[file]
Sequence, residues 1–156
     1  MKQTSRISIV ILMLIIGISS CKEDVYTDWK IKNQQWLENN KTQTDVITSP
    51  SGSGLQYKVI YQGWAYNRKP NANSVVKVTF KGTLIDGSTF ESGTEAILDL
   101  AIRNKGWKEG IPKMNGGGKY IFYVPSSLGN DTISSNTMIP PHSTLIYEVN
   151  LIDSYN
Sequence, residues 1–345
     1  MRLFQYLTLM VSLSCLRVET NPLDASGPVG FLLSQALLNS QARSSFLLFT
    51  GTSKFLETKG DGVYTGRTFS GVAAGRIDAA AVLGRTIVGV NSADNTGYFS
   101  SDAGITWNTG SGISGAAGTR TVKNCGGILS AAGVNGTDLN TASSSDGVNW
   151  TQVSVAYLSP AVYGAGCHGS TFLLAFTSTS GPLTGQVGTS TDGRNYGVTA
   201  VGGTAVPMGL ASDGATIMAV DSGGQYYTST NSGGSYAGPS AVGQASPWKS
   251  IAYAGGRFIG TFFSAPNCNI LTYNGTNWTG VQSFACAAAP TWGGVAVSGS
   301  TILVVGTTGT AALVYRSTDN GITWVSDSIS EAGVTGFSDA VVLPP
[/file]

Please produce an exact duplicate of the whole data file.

Sequence, residues 1–156
     1  MKQTSRISIV ILMLIIGISS CKEDVYTDWK IKNQQWLENN KTQTDVITSP
    51  SGSGLQYKVI YQGWAYNRKP NANSVVKVTF KGTLIDGSTF ESGTEAILDL
   101  AIRNKGWKEG IPKMNGGGKY IFYVPSSLGN DTISSNTMIP PHSTLIYEVN
   151  LIDSYN
Sequence, residues 1–345
     1  MRLFQYLTLM VSLSCLRVET NPLDASGPVG FLLSQALLNS QARSSFLLFT
    51  GTSKFLETKG DGVYTGRTFS GVAAGRIDAA AVLGRTIVGV NSADNTGYFS
   101  SDAGITWNTG SGISGAAGTR TVKNCGGILS AAGVNGTDLN TASSSDGVNW
   151  TQVSVAYLSP AVYGAGCHGS TFLLAFTSTS GPLTGQVGTS TDGRNYGVTA
   201  VGGTAVPMGL ASDGATIMAV DSGGQYYTST NSGGSYAGPS AVGQASPWKS
   251  IAYAGGRFIG TFFSAPNCNI LTYNGTNWTG VQSFACAAAP TWGGVAVSGS
   301  TILVVGTTGT AALVYRSTDN GITWVSDSIS EAGVTGFSDA VVLPP